• Brand, revitalization and sport: From Brother Elephants to England cricket

    1. David Green
    2. Communications Strategist

This spring, Taipei’s Brother Elephants baseball team overhauled its visual identity, maintaining its striking yellow uniforms, but significantly changing its logo and typography. The shift was broadly welcomed by fans, who praised the evolution from the team’s somewhat childish-looking elephant logo to a sleeker typography coupled with the image of a more aggressive and menacing-looking elephant (complete with baseball lodged in its trunk).

The revitalization of its visual identity underscored a shift in ownership after Hua Yi acquired the team, and CTBC Financial Holding became its sponsor, in December 2013. It is not clear if the rebranding was undertaken merely in the hope of driving higher merchandizing revenues, or was intended as part of a deeper rebranding process that goes to the heart of the way the team plays the game.

Changing superficial identity does not always mean a change in results 

Either way, the overhaul of its outward identity has yet to have a material effect on the most important arbiter in sport: results. The Brother Elephants currently sit at the bottom of Taiwan’s Chinese Professional Baseball League, unable to recapture the glorious multi-championship-winning days of the mid-2000s.

Perhaps this should not be a surprise. After all, it is essentially the same team that stepped onto the park before and after the new, more aggressive identity was implemented. The fact the team now sports a more aggressive and powerful looking typography and logo does not necessarily mean they will adopt a similarly more aggressive, powerful and consequently successful style of play. It might seem obvious, but implementing a superficial change without a corresponding change in ethos, personnel or philosophy will have little or no impact on the team’s performance.

Sport clearly demonstrates a distinction between brand as surface implementation of a visual identity or communications strategy, as opposed to the force that shapes the raison d’être or driving force behind a company or team.

England’s cricket team have implemented a root-and-branch rebrand…

England’s one-day cricket team offer a converse example. The team was humiliated at the recent World Cup in Australia and New Zealand – comprehensively outgunned by more aggressive opponents, including the minnows Bangladesh. The result was a return to home soil with heads hung in shame and souls spreadeagled for searching.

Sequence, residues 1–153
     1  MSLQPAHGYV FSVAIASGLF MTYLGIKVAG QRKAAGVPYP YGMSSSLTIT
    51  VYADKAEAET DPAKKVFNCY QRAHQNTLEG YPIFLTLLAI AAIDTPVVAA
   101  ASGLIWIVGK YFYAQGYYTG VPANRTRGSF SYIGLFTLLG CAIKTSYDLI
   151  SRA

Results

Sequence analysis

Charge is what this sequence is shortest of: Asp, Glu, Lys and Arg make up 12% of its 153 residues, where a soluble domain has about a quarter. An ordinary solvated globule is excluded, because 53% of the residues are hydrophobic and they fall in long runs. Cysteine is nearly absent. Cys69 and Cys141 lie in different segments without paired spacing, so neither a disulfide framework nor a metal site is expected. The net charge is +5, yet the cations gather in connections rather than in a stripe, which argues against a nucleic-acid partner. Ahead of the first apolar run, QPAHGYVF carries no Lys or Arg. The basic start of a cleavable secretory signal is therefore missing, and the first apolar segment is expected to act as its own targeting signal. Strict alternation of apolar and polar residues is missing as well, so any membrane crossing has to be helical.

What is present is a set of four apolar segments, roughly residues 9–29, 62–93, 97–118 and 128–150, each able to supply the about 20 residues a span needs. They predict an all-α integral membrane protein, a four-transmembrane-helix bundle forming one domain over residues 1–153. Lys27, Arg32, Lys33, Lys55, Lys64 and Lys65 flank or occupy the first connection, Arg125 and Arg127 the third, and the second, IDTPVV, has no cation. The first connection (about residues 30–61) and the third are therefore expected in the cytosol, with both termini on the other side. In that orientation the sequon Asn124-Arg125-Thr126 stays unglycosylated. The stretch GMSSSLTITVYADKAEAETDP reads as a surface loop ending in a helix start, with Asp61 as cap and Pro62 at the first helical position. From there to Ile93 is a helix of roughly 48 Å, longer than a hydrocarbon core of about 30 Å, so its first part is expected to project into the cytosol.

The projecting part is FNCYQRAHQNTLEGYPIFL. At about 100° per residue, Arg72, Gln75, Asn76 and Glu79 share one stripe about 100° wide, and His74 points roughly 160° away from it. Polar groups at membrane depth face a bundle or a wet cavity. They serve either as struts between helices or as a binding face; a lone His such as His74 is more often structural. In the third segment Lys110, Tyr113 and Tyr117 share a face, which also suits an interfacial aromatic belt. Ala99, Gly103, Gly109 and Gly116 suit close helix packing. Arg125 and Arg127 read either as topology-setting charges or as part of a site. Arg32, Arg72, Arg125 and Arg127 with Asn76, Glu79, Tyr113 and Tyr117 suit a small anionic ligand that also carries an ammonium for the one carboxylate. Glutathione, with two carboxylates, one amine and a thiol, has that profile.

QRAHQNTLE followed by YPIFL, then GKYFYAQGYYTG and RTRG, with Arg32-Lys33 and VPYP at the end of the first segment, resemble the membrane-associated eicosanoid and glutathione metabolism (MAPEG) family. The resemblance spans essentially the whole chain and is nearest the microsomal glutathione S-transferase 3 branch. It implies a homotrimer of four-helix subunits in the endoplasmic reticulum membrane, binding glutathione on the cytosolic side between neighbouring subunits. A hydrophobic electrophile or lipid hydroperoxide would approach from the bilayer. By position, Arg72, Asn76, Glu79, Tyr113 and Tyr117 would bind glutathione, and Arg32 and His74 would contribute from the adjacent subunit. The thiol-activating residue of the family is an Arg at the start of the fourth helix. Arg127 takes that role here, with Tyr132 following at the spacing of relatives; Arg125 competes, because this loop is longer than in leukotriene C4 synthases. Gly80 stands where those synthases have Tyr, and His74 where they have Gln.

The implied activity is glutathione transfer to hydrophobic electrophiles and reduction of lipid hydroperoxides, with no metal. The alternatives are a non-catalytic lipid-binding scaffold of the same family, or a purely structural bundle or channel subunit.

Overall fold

Yet at the start of this summer, it became clear to fans and media that the team had looked deep inside itself and emerged determined to pursue a new direction. It had undergone a fundamental, root-and-branch rebrand process. Previously, the thinking had been that the team must have at least a few “classical” batsmen – those that play the game properly, score at a steady rate, and most importantly don’t get out playing silly shots. It was a conservative brand of cricket, and one that was shown to be stranded in the past when contrasted with massive-hitting, ultra-aggressive opponents like Australia and Sri Lanka.

Now, under a new manager, the England team has clearly been given the go-ahead to express themselves on the pitch, to play their natural game, and above all, to hit the ball as far and as hard as possible. These are much the same players that died such horrible sporting deaths just a few months ago, but they are playing in a very different way. 

…With massively successful results 

The result has been the revitalization of the side. Not just in terms of results – having secured a win over World Cup finalists New Zealand – but also in terms of spirit and the support it is receiving from the fans. Nobody wanted to support the old, conservative England, but this new team, playing a more aggressive brand of cricket, is made of entirely sterner and more exciting stuff.

The England team found this style of cricket without changing their uniform, colors, logo or equipment. It is clear that the change in the brand of their cricket, that deeper revolution in their thinking, has been responsible for a much deeper, more effectual change than a revamp of the team’s visual identity ever could.

This is not to say that visual identity is not important – it clearly is (especially when it comes to replica kit sales), more that this opposition serves to crystalize an important distinction that is too often misunderstood or overlooked by companies in Greater China that are seeking to rebrand: a rebrand without a corresponding change in or reinvigoration of a brand’s essence represents a missed opportunity; one that may not have any impact on the company’s performance or success.

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